I tend not to get too exercised about privacy issues regarding personal health records, in part because the horse is already out of the barn. This point was made abundantly clear in a recent article (see: “Health 2.0″ vs. Health Insurers: The Looming Clash). Below is an excerpt from it with boldface emphasis mine:
Earlier this week, the Washington Post revealed that health insurers can now obtain a sort of health “credit report” on individuals thanks to the vast store of digitized drug-prescription data now held by “pharmacy benefit managers” [PBMs] like ExpressScripts (see: Prescription Data Used To Assess Consumers). Drug-use information, of course, is highly useful to insurers as a reliable proxy for an individual’s health; as the story notes, if your data records show you’ve been on the highest dose of a cholesterol-lowering statin for 18 months, that signals you have an almost intractable cholesterol problem and face an elevated risk of heart attack or stroke. (This WaPo story also happens to expose the fundamental silliness of “privacy concerns” raised by critics of e-prescription services.... In most cases, drug data is digitized and stored the moment a patient hands over her doctor’s prescription form; it matters not at all whether the doctor initially sends the prescription in digital form, except that e-prescribing seems highly likely to cut down on prescription errors. Barn door: open; horse: gone.)
Now this whole issue gets a little more interesting. Here's a quote from the WaPo article cited above:
Ingenix, a Minnesota-based health information services company that had $1.3 billion in sales last year -- and Wisconsin-based rival Milliman -- say the drug profiles are an accurate, less expensive alternative to seeking physician records, which can take months and hundreds of dollars to obtain. They note that consumers authorize the data release and that the services can save insurance companies millions of dollars and benefit consumers anxious for a decision.
In case you did not get the point, the reason that consumers should be supportive of the mission of companies like Ingenix is that broad access to patients' prescription data "can save insurance companies millions of dollars." And don't you remember signing that data release form. It permits the release of the detailed account of your prescription drugs and dosages so that health insurance companies can determine what diseases you are being treated for and possibly factor that into the consideration of whether you are an acceptable insurance risk?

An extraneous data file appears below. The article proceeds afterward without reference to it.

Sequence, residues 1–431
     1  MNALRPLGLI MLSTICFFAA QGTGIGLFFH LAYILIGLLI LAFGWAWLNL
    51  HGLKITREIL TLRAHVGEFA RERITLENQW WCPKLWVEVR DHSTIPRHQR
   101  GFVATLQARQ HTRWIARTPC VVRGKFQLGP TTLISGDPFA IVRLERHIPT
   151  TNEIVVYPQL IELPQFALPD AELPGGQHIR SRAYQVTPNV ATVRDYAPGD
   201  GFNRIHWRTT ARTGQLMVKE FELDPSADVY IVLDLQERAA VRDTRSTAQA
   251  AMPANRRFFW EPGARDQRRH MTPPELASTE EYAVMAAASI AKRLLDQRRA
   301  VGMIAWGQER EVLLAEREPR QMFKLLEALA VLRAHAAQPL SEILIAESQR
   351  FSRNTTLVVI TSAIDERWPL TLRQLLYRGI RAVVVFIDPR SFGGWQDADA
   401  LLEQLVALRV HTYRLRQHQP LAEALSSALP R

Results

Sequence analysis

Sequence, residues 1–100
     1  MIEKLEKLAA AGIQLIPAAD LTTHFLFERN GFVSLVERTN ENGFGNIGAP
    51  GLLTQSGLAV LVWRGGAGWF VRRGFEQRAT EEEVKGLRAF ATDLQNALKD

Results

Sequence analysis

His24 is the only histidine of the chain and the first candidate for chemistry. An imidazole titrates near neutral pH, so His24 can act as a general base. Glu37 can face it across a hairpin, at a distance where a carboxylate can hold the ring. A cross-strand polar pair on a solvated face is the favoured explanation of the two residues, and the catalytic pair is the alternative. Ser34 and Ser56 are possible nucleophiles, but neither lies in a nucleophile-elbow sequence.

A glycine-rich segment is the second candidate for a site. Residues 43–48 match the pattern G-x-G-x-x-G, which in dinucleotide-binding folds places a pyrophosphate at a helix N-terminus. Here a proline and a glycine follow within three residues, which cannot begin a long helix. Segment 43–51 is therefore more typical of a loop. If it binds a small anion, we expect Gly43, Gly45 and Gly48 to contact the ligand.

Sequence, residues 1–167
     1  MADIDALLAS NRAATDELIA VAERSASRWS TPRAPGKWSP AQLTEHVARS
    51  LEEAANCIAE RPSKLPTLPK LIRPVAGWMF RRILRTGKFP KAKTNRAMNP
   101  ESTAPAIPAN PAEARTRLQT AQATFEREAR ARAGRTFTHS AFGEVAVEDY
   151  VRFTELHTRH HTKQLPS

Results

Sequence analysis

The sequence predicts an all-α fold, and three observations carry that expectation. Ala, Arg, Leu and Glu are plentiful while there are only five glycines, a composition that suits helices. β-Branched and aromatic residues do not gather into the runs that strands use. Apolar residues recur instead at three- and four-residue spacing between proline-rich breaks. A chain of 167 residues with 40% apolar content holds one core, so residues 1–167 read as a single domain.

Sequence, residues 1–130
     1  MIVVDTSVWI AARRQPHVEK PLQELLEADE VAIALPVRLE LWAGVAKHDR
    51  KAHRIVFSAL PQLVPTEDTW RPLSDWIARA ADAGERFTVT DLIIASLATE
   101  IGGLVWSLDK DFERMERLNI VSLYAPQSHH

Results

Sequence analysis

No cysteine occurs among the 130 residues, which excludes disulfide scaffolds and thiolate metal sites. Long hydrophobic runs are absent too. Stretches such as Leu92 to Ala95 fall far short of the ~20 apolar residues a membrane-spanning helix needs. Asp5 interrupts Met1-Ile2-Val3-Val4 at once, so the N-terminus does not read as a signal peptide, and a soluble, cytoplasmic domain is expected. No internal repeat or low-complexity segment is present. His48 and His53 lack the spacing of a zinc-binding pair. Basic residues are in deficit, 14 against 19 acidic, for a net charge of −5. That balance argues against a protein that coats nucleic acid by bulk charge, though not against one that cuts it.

Let's take a look at one of the giant health insurance companies -- UnitedHealth. I have posed a number of notes about this company with a market cap of $38B before. Here's a few more details about it:
UnitedHealth Group Incorporated (UnitedHealth Group) is a diversified health and well-being company, serving approximately 70 million Americans. The Company provides individuals with access to healthcare services and resources through more than 560,000 physicians and other healthcare providers and 4,800 hospitals across the United States. UnitedHealth Group conducts its operations through four operating divisions: Health Care Services, OptumHealth, Ingenix and Prescription Solutions.
Wait a minute! UnitedHealth owns Ingenix. I have previously posted a note about this relationship (see: UnitedHealth Draws Criticism for Its Out-of-Network Reimbursement Policies) And it also owns another PBM, Prescription Solutions. When you have a special interest in patients' drug prescription information, one PBM is never enough.